The Labour Party has apologised after an 82-year-old member was thrown out of its annual conference for heckling.
Security staff tackle hecklers during Mr Straw's speech
Walter Wolfgang, from London, was ejected from the hall after shouting "nonsense" as Foreign Secretary Jack Straw defended Iraq policy.
Police later used powers under the Terrorism Act to prevent Mr Wolfgang's re-entry, but he was not arrested.
Party chairman Ian McCartney criticised Mr Wolfgang's behaviour but said the way he was ejected was "inappropriate".
"I'm going to personally apologise to him," Mr McCartney said. "I'm going to personally meet him if he takes the opportunity."
Mr Wolfgang, who escaped Nazi Germany in 1937, is a member of the Stop the War Coalition.
Erith and Thamesmead constituency party chairman Steve Forrest, who was sitting next to Mr Wolfgang, was also thrown out after complaining about his treatment.
However Mr McCartney said Mr Wolfgang would not be allowed back into the conference, which ends on Thursday.
The Labour Party has a responsibility to remove people who create a "persistent disturbance", he said.
The party said it would be examining the events leading up to the ejection.
Labour MP Linda Riordan branded the treatment "very heavy-handed".
The Halifax MP's attempt to have Iraq debated at the conference was earlier blocked.
Mr Wolfgang shouted out as Mr Straw told delegates: "We are in Iraq for one reason only to help the elected Iraqi government build a secure, democratic and stable nation."
Mr Straw had also compared Iraq to Germany after the World War II, where it had taken four years before elections were held.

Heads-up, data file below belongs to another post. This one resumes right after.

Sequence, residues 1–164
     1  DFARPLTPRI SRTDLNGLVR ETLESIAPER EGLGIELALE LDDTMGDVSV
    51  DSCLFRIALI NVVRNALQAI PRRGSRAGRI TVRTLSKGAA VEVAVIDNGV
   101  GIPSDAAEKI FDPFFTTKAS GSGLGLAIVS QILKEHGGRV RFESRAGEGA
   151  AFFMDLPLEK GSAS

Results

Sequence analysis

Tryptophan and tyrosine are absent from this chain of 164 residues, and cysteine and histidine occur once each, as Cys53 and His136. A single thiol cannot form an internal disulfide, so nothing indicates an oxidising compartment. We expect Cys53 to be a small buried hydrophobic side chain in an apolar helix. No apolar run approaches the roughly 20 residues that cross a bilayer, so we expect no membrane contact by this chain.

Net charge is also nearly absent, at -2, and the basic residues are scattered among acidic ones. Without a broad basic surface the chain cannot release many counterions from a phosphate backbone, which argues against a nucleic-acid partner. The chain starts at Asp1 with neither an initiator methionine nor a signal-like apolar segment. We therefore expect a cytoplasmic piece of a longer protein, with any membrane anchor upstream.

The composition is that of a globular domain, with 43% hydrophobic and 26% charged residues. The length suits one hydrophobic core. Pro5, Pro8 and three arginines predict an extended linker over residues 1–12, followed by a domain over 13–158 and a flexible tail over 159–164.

The party member of 57 years' standing told the BBC Two's Daily Conference Live programme: "These two toughies came round and wanted to manhandle me out.
"I said: 'Do you want me to leave? I will leave, you don't need to manhandle me.' Physically, I am not too well, so I said I would follow them.
"Most of the Labour Party stewards are very nice people. One or two people lend themselves to this nonsense.
"It makes me feel that the people who resort to these tactics are very unsure of themselves and they are on the losing side."
Outlining the measures taken by its officers, Sussex Police said: "The protocol in this situation is that a police officer is called.
"The police officer attended and asked the man to wait for a member of the Labour Party.
"We wish to stress that the delegate was not arrested or searched at any point during his brief interaction with the police officer and that it is a matter for the Labour Party to decide who they allow into their conference."